An elephant mom is very nurturing and protective of her offspring, especially in the earliest stages of their lives. Their babies can usually be found hovering underneath them. Often, other females in the herd rally to assist the mother in ensuring that the youngest members are protected. The young are allowed to explore, but when they do encounter the dangers within their habitats, their mothers are quick to intervene.
Elephant mama and baby_Asian elephants
Elephant parents allow their children more flexibility and choices rather than providing definitive and strict guidelines to follow. They may rock their children to sleep where some animal parents don't have that emotional intelligence to understand and connect with their babies.
Elephant moms are there every step of the way and they help their young ones navigate through challenging situations. They also encourage their calves to be whoever they want to be. If you've ever noticed, in the beginning, elephant calves are very shy and they hang around close to mom, but as their moms encourage exploration, they start to get curious and they begin to mirror mothers actions.
Six Reasons Elephant Mothers are the Best
They may look big and imposing, but elephant moms are actually some of the best moms in the animal kingdom. These big softies do everything from nursing for years to staying close to their babies for life.
1. Females are the Boss
In elephant families females are the head of the household, so to speak. Usually, the older, experienced female elephant leads their herd and they are known as Matriarchs. A family usually consists of a mother, her sisters, daughters their babies (calves). Notice there are no male roles listed there. We will get to that explanation later in this blog post. Occasionally, non-related elephants join others to form families. Female family units range from three to twenty-five elephants.
Sometimes herds of female elephants combine with groups of bull elephants to form larger clans of sometimes 500 to 1000 elephants. But usually, they travel and live in smaller herds, all focused on protecting the young.
2. They Babysit the Youth of the Herd
Female elephants help look after each other’s calves. Babysitting other calves is important for elephant development. Young females learn how to look after the babies before they have their own. The survival rate of these babies increases when more females are present and willing to care for them.
3. The Bond is Strong and they Stay Together
Elephants are known to develop strong, intimate bonds between friends and family members. They can often be seen using their trunks to give “hugs” and “kisses"; something elephant mamas never run out of. There have been reports of elephants forming lifelong friendships with each other, and they even mourn the death of their loved ones. Mama elephants have been seen grieving over stillborn calves, and some elephants often return to, or linger around locations where their loved one(s) died.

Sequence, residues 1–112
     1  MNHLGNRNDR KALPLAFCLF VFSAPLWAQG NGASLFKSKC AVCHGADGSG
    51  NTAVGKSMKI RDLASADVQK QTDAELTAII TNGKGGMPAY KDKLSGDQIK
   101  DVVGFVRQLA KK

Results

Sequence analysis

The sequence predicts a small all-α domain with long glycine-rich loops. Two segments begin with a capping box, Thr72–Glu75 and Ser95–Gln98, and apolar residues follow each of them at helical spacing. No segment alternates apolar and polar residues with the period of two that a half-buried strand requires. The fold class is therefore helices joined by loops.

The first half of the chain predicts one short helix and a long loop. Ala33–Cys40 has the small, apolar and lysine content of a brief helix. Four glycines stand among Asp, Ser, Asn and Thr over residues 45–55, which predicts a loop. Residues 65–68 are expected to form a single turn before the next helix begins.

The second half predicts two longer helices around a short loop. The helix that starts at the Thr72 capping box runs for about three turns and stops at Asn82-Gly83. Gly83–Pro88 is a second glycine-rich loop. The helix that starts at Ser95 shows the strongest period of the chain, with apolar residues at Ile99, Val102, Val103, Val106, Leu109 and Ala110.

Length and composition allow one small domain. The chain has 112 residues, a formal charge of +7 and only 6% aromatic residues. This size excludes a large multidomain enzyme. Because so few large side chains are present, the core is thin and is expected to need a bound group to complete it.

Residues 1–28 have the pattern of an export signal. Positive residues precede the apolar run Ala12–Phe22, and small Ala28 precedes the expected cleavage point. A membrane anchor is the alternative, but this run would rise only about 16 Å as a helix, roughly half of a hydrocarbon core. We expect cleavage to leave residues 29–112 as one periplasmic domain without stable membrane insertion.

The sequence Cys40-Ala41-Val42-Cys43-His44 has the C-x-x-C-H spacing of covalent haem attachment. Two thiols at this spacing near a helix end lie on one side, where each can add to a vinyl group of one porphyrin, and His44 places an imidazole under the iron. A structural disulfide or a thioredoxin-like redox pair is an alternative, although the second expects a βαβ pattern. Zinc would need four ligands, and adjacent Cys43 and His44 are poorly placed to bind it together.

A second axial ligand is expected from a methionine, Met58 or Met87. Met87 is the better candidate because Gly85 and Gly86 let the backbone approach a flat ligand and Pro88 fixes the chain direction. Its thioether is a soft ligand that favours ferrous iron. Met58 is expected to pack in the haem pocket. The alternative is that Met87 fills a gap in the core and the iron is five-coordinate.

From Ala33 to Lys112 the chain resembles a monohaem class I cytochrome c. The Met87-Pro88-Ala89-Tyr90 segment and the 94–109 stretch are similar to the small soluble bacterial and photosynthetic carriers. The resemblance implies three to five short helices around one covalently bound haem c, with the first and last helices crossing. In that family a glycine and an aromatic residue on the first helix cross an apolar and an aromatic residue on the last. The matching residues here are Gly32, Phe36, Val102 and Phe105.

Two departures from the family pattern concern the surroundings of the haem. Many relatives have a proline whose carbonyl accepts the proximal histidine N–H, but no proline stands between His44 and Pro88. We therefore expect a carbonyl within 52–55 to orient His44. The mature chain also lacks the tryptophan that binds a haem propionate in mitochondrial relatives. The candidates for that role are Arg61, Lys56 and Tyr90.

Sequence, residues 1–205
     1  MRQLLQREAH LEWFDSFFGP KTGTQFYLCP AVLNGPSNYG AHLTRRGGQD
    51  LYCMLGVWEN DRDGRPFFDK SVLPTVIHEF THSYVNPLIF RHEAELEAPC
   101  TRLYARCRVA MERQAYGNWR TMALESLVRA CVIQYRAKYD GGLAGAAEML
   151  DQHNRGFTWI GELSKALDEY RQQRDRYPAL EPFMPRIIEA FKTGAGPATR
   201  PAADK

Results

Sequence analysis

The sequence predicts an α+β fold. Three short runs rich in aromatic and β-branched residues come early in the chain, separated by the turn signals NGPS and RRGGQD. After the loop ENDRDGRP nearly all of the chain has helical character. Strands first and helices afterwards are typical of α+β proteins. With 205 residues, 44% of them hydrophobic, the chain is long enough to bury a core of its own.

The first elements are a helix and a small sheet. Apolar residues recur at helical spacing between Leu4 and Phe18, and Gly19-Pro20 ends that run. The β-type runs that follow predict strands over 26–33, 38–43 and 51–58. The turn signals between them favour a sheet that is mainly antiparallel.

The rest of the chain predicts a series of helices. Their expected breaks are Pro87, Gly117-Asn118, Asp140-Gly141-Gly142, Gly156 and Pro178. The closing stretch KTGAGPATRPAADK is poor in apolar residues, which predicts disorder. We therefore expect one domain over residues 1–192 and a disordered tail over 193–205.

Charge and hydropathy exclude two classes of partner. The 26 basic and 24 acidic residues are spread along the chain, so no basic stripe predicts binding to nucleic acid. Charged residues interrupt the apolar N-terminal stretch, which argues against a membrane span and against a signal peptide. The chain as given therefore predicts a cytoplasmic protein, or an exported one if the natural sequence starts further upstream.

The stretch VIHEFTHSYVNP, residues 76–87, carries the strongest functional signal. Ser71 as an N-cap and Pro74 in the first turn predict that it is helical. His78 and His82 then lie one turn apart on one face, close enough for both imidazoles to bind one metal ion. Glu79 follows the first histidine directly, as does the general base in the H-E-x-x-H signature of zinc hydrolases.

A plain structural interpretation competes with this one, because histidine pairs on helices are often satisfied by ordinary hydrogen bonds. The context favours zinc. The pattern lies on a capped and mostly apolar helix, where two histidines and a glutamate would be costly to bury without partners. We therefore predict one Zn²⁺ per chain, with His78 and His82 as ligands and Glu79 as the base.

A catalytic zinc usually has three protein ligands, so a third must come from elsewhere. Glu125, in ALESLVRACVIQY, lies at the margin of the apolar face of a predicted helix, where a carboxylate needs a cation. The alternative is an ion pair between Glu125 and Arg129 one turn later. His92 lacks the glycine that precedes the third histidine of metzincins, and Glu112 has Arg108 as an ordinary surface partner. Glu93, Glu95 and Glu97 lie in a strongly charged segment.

A female elephant will typically live and roam with her mom until she dies. Male elephants stay with their moms through many years of nurturing before going off on their own.
4. They Walk in a Single File
The Jungle Book was a pretty accurate adaptation of the migration pattern of elephants. They really do walk in a single file line when they are on the move. For instance, while in search of food and water, the calves will sometimes hold on to their mother’s tails with their trunks to keep up, while other female elephants surround them to protect them from danger.
5. They are Usually Single Parents
Adult male elephants typically live a nomadic life of solitude. When a male elephant reaches puberty, around 12 to 15 years of age, he will gradually become more independent of his family. He will eventually break away completely to either roam alone or find a loosely-knit group of male elephants to join.
Herds of bulls have a hierarchical structure, with the strongest and most experienced elephants leading and protecting the group; very similar to the female herds. When a male is ready to mate, he will pursue an elephant family until he selects a female and she accepts him. Once he has mated with a cow, he’ll either return to his herd or resume his solitary existence, leaving the cow to rear the calf by herself. But don't worry, she usually has plenty of help from the other ladies.
6. Herds Can Separate
Although they tend to be close, an elephant family can split. This decision is influenced by ecological factors, such as the amount of food and water available in the area. Social factors, such as how well the elephants get along, the size of the group, or the death of a matriarch may also cause a split.
Even if they split from their families who helped raise them, elephants still keep in touch. These bonded groups communicate through rumbling calls and usually stay within a mile of each other.
Why We Love Elephant Moms
Elephant moms are the best because these massive females endure nearly 2 years of pregnancy. The long gestation period allows the elephant babies to be born ready to survive in the wild. Elephant mothers and babies don't get much rest following the birth because they have to keep up with the elephant herd for protection. The calves are initially born blind, forcing them to rely on their trunks for navigation and discovery, but fortunately, the other females step up and help out. Once the baby is born, the other "ladies" in the herd all lend a helping hand, including grandmothers, sisters, aunts, and even cousins. These full-time babysitters are called "Allomothers," and they help in every aspect of rearing the young calves. So in this case, it really does take a village to raise an elephant!